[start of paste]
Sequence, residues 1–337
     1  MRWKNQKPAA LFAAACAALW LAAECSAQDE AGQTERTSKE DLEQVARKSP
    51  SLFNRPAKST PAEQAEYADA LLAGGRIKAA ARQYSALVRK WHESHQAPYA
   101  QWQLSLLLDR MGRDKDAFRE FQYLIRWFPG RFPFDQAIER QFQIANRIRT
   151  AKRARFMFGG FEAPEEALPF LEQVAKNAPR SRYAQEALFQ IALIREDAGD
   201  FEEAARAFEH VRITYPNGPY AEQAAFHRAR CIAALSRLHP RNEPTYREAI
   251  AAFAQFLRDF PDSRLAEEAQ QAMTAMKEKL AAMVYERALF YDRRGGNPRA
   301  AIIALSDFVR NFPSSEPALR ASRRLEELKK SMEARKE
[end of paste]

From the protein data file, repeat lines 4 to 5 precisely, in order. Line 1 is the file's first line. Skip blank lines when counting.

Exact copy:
   101  QWQLSLLLDR MGRDKDAFRE FQYLIRWFPG RFPFDQAIER QFQIANRIRT
   151  AKRARFMFGG FEAPEEALPF LEQVAKNAPR SRYAQEALFQ IALIREDAGD